Dr. Grauer's Column - Courage
2019 Middle School Graduation Keynote Speech
Dr. Grauer presented this graduation keynote address about the importance of courage as these 8th grade students begin their high school adventures. After the event, he was approached in person and though much correspondence to share the text. Please feel free to share this speech and photos with your friends, social media friends, and grandparents!
Middle School Class of 2019, we find that you are ready to matriculate and to come of age into high school because you have learned our core values. But there is one unwritten core value we made less mention of: Courage.
Courage is the core value we did not write down, perhaps because it is at the heart of all of the others.
Courage is a heart word. It is based on the old French word for heart - Coeur. You have heard of people who have a “big heart” or who “speak from the heart.” That’s Courage. Perhaps you have met someone who will Dis-courage?—someone with no heart! Those are not the people you think have a big heart! People who "dis" are feeling cowardly.
But what about those who En-courage? That’s our mission as a school. To teach and encourage. The encouragers are the ones who, through their big hearts, give us courage.
What does it mean to have courage or to have a big heart? How do you know you have courage? First: middle school is a big step. Some people find this the hardest time in all of schooling—and you have persevered. Now you are bravely setting out into the wilder world.
Do courageous people have to do brave deeds? What’s that like? Do they have to kill giants and fight dragons? I don’t think so. You just have to step into the arena. Just try stuff. Play it like a rap: it’s encourage, enjoy, joystick, stick’em up, up and at ’em, try stuff, follow your heart, you can do this courage. Go for it!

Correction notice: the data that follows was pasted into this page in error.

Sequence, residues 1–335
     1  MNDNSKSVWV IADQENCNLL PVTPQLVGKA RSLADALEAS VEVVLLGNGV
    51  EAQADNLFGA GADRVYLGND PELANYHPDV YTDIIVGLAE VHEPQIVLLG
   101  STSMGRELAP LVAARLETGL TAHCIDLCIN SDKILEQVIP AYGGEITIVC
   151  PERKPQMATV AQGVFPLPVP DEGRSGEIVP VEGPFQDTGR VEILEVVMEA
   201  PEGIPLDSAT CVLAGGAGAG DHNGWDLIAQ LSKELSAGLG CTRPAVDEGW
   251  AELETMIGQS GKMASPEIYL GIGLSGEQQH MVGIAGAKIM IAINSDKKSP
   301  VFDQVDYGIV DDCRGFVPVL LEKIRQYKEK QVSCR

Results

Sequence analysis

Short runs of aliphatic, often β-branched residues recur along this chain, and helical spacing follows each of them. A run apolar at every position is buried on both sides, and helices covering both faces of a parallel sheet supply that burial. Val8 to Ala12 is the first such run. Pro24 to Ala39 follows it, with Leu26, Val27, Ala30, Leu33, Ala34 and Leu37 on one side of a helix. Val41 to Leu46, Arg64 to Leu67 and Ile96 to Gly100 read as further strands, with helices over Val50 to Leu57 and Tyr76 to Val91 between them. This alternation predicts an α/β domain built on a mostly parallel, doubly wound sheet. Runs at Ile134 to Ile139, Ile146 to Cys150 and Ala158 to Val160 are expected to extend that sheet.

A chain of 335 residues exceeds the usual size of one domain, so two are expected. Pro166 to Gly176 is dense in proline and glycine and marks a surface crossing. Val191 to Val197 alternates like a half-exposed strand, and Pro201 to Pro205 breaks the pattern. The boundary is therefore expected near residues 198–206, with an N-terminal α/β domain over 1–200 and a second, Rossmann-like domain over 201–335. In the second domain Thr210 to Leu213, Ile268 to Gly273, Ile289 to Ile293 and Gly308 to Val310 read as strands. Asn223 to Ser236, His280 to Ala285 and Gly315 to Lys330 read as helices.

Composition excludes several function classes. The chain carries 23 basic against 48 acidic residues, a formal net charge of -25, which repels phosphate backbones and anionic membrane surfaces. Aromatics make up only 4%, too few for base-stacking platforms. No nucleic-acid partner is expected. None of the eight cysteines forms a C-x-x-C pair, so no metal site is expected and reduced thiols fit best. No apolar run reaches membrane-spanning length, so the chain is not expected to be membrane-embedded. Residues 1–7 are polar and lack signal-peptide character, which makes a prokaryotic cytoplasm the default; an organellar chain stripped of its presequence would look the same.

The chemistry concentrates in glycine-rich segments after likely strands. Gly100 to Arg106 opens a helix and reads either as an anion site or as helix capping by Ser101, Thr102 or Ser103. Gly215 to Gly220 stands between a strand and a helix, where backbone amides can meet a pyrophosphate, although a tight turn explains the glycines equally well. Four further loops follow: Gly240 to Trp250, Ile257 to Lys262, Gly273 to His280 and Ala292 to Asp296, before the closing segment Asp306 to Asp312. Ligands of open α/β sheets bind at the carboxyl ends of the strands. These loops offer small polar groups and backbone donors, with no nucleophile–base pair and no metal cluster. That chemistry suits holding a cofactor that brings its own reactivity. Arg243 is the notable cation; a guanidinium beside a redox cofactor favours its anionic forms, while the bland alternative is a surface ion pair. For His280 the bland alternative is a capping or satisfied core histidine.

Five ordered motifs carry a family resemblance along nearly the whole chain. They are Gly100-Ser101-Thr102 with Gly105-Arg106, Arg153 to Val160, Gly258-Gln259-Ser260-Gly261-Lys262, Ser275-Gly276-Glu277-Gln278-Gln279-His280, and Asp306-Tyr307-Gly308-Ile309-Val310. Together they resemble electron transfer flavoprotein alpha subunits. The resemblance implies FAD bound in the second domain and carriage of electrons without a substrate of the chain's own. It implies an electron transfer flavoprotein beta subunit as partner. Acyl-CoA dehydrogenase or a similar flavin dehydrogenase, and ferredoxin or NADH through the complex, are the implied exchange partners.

Each of you, high-five the person on each side of you. Now: behind or in front of you! Go for it! You’re fearless! This summer and in high school, have the heart-courage to keep your promises. Do more than you promised. No excuses. Go deep. This is called: The courage of your convictions!
At Grauer, we have a name for the courage to keep at it until the job is really done: it is called Mastery Learning, and it is the only real way to learn. Stay on it until whatever we are working on is shiny and great. Want to develop courage? Try some Honors classes or some expeditions that your friends are not on. Leave your cellphone home for a week. Try an art class or dance club not just even though you think you are bad at art or dance: try it BECAUSE you are bad at art or dance! Go for it.
Most important of all: the least understood definition of courage: the most courageous person is the one who is the kindest. This, in some traditions, is known as warrior courage, or the braveheart—the braveheart stands up for the good treatment of others in a world that has conflict and mean people. Traditionally, warriors are protectors, not at all aggressive or militant. By conquering fear, the warrior brings peace. When someone needs a hand, the braveheart notices.
We need graduates who stay kind even when all around them are not. Those are my best words for you today. Your parents might want everything to work out perfectly for you along the way or maybe even to fix things for you, but that is no way to develop courage. You can do this. High school means Independence. The courageous among you will compile a boatload of out of class experiences, friends, and thinking skills, and, when it’s wrapping up for you like for our seniors later today, you will be ready to leave home.
Now the high school pages are blank. Those of you who can fill the pages with the unwritten core value, courage, will be happy and successful.
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